Four years ago the farmers of San Antonino, a village in the Oaxaca Valley, didn’t have enough water to irrigate their crops. The wells weren’t dry, but after pumping for 15 minutes or so they’d have to stop and wait for the well to recharge. As rich in communal spirit as they are lacking in cash, the farmers came up with a plan: a series of new wells to capture rainwater and runoff from their fields to recharge the aquifer. They built 60 of them, and once they proved successful, the municipal government built 60 more. The wells, 25 or 30 meters deep, are lined with concrete and also filled with rocks and sand to filter the water. Now, they have sufficient, clean water year-round to irrigate their radishes, flowers, squash, lettuce, beets, and herbs. They also have a model that attracts farmers from nearby towns and grad students from Mexico City.
That doesn’t entirely solve their water problems, explained leaders of the Committee for the Defense of Water. The federal water agency, CONAGUA, is trying to impose a permitting system that would force farmers to register their wells and pay the government to use their own water. Their village still lacks a reliable water supply for their homes. Deforestation and climate change have produced serious droughts. And a Canadian company has been given permission to mine near by mountains for gold and silver, a process which is sure to use up copious amounts of water and leach toxic chemicals back into the environment.
The Committee in San Antonino isn’t all by itself; they have aid from the Flor y Canto (Flower and Song) Center for Human Rights in Xoxocotlán, 20 km away. Flor y Canto’s mission is defense of indigenous rights, and in recent years that has meant a focus on water. With a staff of 5 women, all volunteers, Flor y Canto works in 12 communities in the municipalities of Ocotlán and Zimatlán providing technical and legal assistance.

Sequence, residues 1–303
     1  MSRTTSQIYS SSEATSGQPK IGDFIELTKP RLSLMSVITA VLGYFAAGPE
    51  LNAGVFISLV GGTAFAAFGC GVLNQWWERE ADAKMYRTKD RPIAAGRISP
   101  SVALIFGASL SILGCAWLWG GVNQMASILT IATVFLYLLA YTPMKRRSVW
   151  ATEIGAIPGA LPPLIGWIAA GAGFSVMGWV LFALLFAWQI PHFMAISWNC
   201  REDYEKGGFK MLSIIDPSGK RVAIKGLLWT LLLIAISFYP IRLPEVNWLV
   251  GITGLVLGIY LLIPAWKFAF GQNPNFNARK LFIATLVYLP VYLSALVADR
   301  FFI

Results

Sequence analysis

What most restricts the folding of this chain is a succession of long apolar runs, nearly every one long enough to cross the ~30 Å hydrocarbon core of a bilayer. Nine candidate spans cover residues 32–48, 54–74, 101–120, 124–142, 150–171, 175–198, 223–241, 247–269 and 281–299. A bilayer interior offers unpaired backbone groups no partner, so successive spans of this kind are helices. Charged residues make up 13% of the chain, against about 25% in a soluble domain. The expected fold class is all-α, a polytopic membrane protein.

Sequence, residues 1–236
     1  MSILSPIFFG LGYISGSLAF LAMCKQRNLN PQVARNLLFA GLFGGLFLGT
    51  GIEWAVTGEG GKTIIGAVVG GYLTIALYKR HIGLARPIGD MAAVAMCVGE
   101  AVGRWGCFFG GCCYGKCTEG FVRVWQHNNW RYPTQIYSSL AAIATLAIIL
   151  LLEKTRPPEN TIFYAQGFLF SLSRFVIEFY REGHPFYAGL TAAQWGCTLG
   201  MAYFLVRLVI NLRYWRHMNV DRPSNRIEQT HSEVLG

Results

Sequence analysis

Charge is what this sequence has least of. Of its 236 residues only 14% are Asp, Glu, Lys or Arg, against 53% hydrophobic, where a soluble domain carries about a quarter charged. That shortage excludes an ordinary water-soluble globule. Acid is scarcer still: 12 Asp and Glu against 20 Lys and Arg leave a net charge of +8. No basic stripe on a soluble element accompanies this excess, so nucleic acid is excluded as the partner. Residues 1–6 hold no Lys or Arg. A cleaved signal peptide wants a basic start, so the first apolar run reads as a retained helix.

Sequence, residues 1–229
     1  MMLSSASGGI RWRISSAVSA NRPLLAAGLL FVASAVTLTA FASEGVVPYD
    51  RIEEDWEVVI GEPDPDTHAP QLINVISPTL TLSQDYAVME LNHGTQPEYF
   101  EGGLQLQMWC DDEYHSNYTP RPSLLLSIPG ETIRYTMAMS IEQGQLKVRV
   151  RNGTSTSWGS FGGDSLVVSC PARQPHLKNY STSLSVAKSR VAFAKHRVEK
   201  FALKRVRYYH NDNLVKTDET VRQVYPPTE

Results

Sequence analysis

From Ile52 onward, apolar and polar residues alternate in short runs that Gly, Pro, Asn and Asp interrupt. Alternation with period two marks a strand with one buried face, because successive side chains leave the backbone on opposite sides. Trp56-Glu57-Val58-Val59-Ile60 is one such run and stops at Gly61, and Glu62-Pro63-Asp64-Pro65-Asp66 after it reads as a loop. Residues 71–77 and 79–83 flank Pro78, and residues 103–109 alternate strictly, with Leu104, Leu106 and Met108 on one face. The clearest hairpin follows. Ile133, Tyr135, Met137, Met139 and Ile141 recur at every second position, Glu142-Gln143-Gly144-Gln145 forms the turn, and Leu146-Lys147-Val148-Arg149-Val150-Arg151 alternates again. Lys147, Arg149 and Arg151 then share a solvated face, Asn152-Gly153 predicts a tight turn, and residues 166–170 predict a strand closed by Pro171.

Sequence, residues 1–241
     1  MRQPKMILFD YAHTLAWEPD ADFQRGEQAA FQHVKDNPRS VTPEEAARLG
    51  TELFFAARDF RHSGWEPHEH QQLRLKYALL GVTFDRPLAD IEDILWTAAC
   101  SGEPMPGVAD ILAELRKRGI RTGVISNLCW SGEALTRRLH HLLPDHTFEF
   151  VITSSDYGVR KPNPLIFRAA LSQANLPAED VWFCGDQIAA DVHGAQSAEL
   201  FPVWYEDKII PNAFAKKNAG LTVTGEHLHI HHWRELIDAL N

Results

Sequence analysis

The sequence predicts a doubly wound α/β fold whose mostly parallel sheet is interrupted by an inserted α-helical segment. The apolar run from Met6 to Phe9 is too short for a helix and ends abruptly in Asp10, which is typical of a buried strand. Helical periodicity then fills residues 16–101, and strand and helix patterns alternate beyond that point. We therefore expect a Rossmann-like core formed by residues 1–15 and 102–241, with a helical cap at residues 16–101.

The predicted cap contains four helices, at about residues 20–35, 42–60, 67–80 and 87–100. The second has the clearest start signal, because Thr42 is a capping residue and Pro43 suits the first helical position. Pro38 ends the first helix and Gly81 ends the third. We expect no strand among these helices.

Nationally, 90% of Mexicans are said to have access to water services, but those figures can be deceiving. In the house where we stayed for a few weeks, water service had sporadic interruptions. In some neighborhoods, the pipes may be empty for weeks on end. When that happens, families have to buy water from trucks that cruise their neighborhoods selling water for ten times the rate of public water supplies.
The rate of access to water and sewage services drop off in rural areas and drop off further for indigenous communities like San Antonino. According to a report from the Coalition of Mexican Organizations for the Right to Water, 42% of indigenous people lack water service, and 70% lack sanitation.
Giant dam projects are still being proposed, often over the objections of local communities, to address water scarcity. Better approaches include repair of leaky pipes, micro-dams, and reforestation projects.
Claudio Ortíz, a member of the Committee for the Defense of Water in, said San Antonino doesn’t have water service, but he has a truck that he fills from his own well. Instead of charging an arm and a leg, he said he just charges what it costs to run the truck.
Speaking of the community well project, Delfino Hernandez Sanchez, president of the Committee, said, “We started doing this because we had a need.”
I was fortunate to meet Delfino and his neighbors on a study tour sponsored by Witness for Peace, in which we are looking into the relationship between social conditions and migration from rural Oaxaca.
“What our parents left us is this land,” he said, and he’s proud he will be able to pass it on. “It’s not just for my children; it’s for all the children in the community.”